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hound + -s- + tooth, from its appearance.
- (Received Pronunciation, General American) IPA(key): /ˈhaʊndstuːθ/
Audio (AU) (file)
- Hyphenation: hounds‧tooth
houndstooth (plural houndsteeth)
- A two-colour fabric pattern of broken checks.
- 1974, Interior Design, volume 45, New York, N.Y.: Interior Design Division of Whitney Communication Corp., →OCLC, page 251, column 1:
- Other patterns include varied adaptations of paisleys, Tree of Life motifs, tiles, scenics, patchworks, ticking, soft-edge geometries, sports themes, crewel shapes, houndsteeth, and a plethora of florals.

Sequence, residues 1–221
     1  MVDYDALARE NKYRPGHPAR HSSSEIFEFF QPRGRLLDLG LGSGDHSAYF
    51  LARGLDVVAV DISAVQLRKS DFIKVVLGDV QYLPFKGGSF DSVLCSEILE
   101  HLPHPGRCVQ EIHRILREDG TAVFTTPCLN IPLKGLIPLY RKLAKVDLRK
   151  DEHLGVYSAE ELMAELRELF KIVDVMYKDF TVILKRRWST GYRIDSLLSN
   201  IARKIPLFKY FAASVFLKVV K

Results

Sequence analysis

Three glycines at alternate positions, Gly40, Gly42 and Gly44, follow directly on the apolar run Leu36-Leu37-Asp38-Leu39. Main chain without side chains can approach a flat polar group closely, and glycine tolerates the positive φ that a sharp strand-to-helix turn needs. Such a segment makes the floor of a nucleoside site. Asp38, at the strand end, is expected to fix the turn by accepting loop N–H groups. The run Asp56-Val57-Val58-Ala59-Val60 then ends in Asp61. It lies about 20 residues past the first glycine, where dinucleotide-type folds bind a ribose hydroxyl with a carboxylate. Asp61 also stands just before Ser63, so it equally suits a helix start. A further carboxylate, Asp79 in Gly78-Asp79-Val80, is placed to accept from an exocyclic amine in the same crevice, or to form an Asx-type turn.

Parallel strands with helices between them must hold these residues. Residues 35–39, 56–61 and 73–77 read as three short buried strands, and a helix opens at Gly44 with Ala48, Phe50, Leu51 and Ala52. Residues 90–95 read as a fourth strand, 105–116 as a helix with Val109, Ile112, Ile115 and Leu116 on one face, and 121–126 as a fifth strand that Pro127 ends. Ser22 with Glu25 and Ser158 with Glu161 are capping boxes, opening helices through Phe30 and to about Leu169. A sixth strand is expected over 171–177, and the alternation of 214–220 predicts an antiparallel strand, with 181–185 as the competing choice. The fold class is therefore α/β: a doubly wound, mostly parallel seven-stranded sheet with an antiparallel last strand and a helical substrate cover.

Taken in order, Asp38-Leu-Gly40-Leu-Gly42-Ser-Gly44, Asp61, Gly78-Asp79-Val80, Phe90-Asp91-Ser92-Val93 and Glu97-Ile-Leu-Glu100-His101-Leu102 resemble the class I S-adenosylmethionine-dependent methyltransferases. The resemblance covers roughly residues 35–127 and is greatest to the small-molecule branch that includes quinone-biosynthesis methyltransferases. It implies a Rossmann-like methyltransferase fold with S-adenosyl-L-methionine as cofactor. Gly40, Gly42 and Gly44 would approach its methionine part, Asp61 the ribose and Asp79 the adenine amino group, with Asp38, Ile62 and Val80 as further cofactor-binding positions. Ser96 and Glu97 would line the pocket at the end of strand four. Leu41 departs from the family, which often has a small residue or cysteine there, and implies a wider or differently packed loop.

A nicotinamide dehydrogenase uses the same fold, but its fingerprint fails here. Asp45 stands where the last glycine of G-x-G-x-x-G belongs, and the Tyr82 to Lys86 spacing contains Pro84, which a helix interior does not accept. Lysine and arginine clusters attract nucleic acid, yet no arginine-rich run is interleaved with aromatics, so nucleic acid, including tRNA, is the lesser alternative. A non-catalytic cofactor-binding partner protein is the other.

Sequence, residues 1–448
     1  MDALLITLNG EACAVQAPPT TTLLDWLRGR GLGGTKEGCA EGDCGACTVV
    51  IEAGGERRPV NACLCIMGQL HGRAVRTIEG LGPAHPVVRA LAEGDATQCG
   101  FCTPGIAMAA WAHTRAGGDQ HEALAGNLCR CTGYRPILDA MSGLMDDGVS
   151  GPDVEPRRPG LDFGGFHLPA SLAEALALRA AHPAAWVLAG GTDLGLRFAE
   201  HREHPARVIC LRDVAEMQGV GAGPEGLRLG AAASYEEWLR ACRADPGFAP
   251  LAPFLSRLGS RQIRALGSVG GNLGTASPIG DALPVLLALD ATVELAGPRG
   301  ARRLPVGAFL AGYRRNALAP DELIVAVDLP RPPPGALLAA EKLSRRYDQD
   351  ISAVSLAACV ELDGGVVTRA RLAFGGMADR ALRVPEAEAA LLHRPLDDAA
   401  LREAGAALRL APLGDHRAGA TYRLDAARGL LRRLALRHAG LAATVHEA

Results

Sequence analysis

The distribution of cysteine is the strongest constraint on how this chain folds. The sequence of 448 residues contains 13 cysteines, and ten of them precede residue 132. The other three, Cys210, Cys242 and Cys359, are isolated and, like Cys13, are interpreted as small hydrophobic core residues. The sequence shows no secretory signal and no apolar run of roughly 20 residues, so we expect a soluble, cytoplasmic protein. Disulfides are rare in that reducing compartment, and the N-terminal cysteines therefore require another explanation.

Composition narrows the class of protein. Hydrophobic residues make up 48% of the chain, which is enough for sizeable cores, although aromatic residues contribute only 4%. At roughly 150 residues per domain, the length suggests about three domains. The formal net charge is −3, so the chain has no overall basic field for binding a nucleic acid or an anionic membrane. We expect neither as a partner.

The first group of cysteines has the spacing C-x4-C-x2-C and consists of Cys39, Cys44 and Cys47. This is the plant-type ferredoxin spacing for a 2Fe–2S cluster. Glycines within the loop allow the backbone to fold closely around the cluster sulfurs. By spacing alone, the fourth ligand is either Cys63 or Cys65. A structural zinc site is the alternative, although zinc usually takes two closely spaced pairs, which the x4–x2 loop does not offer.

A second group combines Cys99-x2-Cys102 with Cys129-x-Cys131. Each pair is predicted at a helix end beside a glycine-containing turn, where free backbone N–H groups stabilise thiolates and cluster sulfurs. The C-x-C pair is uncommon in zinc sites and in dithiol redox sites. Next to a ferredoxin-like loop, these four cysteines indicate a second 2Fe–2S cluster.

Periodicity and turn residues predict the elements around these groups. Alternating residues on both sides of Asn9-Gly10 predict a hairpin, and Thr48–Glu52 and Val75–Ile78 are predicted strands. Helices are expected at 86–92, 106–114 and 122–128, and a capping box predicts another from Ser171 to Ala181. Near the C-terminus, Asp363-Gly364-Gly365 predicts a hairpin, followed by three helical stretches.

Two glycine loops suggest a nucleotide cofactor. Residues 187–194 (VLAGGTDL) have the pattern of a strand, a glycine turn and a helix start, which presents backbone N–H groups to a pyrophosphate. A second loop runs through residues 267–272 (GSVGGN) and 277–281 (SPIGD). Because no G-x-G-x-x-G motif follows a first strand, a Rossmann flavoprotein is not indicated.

- 1998, Deborah Newton, “Dressmaker Details & Finishing”, in Designing Knitwear, Newtown, Ct.: Taunton Press, →ISBN, page 210:
- A houndstooth fabric is composed of tiny, interlocking pinwheel motifs. There are many houndstooth knitting patterns […]; to add an extra touch to these patterns, work them in nubby or textured yarns.
- 2004, Lois S. Young, “Houndstooth Toddler Set”, in Jeanne Stauffer, editor, Knitting in the Round, Berne, Ind.: House of White Birches, →ISBN, page 56:
- Sophisticated houndstooth checks highlight a toddler's jacket and hat.
- Fabric with a houndstooth pattern; an item of clothing made with such fabric.
- 1970, Men's Wear, volume 161, New York, N.Y.: Fairchild Publications, →OCLC, page 73, column 1:
- Their ties were tidier, their houndsteeth toothier … they ended up looking more Windsorian than Windsor.
- 2014, Jacinda Townsend, “Jupiter”, in Saint Monkey: A Novel, New York, N.Y.: W. W. Norton & Company, →ISBN, page 68:
- Her dress is wool too, brown and black houndsteeth that belonged to her mother.
- houndstooth on Wikipedia.Wikipedia